That is not what I call listening to taxpayers. All of us here pay taxes. And Quebec and the other provinces pay taxes to the federal government.
I would ask the Solicitor General to reconsider his decision because this is very important. Organized crime generates a lot of money, and there is certainly no shortage of money to keep them busy. I do not know where they get all this money from, but there is an abundance of it. As far as we are concerned, most of the time it is volunteers, people who are not paid, who help us in our efforts to fight the reprehensible acts committed by the criminal world. The Solicitor General must act to meet the needs of the nine regions in Quebec, including Lanaudière, that will be affected by the elimination or closure of the RCMP detachments.
I also want to commend my colleague from Repentigny, who represents the region of Lanaudière and is affected by this. He told us how important it is.
In my riding, we have many police officers who get involved and who are no longer just coercive. They sit down to talk with young people and the community. They are partners in preventing crime. They talk to young people and parents. We have an association of parents of teenagers that works closely with the police. They talk with young people and ask what needs to be done to make our society better in the future.
People always say that society has become complacent. That is not true. There are community organizations and they need funds to be able to fight crime. They are succeeding because they have the support of the RCMP and the Sûreté du Québec, which have the money and the training to fight crime.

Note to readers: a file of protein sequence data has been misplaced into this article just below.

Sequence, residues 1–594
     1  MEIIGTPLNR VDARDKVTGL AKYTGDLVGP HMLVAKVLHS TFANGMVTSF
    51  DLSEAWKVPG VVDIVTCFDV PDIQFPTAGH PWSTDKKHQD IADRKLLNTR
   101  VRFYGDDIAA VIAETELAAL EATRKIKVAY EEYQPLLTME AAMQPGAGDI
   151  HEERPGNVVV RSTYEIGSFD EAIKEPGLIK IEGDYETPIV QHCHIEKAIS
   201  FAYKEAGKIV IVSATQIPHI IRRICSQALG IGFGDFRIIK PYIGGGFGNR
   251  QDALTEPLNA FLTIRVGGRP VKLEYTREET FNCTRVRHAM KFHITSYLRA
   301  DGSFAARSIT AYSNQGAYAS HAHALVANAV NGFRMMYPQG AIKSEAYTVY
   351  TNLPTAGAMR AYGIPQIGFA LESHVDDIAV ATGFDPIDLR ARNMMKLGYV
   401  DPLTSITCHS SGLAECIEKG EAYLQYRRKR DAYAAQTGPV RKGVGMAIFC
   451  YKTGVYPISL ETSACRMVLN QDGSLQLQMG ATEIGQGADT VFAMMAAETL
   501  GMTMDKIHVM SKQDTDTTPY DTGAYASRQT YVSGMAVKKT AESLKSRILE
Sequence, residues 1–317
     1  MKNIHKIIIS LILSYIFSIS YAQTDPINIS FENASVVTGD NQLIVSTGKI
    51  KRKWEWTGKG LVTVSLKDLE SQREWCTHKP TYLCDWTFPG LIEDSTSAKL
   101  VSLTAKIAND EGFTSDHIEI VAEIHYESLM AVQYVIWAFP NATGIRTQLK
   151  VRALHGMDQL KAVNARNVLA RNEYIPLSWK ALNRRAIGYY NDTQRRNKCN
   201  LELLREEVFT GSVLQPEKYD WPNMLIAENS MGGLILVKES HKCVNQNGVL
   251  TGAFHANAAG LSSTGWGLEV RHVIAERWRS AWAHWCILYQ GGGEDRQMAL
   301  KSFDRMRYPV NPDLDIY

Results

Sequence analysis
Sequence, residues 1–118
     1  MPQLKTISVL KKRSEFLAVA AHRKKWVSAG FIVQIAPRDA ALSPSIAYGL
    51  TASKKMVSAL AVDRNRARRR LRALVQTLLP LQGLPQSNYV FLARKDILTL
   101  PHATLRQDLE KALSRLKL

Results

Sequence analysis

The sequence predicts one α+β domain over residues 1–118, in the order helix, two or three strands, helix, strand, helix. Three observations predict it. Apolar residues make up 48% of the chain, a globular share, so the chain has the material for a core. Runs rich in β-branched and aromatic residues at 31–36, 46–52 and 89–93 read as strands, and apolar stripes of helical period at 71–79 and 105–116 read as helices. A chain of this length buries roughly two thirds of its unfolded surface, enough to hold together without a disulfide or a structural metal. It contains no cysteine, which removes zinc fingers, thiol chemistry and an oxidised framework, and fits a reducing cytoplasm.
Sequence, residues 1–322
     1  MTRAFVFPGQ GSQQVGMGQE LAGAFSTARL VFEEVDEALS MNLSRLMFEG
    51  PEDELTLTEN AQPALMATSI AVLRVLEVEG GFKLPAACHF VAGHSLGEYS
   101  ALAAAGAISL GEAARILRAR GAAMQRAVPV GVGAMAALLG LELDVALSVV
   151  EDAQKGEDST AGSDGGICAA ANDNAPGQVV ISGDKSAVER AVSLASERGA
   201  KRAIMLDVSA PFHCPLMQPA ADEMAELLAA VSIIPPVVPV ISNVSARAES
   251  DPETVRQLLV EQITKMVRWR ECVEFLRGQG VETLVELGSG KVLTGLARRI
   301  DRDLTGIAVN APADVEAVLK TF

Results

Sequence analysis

Giving such a signal to these people indicates that we are not interested in them. These people want to improve social conditions for everyone. We must not forget that when such criminals set traps in a field, it is not only the farmer who may get hurt. There are hikers in the woods and near the farmers' fields. There are children who play there. These people may have accidents, even fatal ones.
By informing people, we can fight crime. However, without some funding and some experts with the means to intervene, we are putting handcuffs on our constituents' goodwill.
Therefore, the Bloc Quebecois will support this bill. As my colleague from Repentigny said, we are not here just to say no. We are here to make progress on issues that affect each and every one of our constituents. When there is something positive and the time has come to act, and the government opens the door for us, we are there to examine the legislation. When a bill, like Bill C-32, provides solutions to the problems of all Quebeckers and Canadians, we will not oppose it.
We must, however, watch carefully as this legislation is implemented, since nothing is perfect. When enforcement guidelines are issued, sore points sometimes develop. The Bloc Quebecois will be very attentive, because this bill can improve society. I think we must support all measures that can improve society and we must say so aloud.